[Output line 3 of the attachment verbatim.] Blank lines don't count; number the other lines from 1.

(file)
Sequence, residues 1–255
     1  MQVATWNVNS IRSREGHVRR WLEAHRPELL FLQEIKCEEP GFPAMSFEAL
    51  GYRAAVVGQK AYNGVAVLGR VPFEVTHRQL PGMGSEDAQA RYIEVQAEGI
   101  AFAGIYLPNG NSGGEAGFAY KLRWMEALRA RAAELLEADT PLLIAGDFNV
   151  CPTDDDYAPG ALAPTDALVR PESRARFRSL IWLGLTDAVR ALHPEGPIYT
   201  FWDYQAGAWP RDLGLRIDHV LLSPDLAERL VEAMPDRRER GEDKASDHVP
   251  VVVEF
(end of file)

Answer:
    51  GYRAAVVGQK AYNGVAVLGR VPFEVTHRQL PGMGSEDAQA RYIEVQAEGI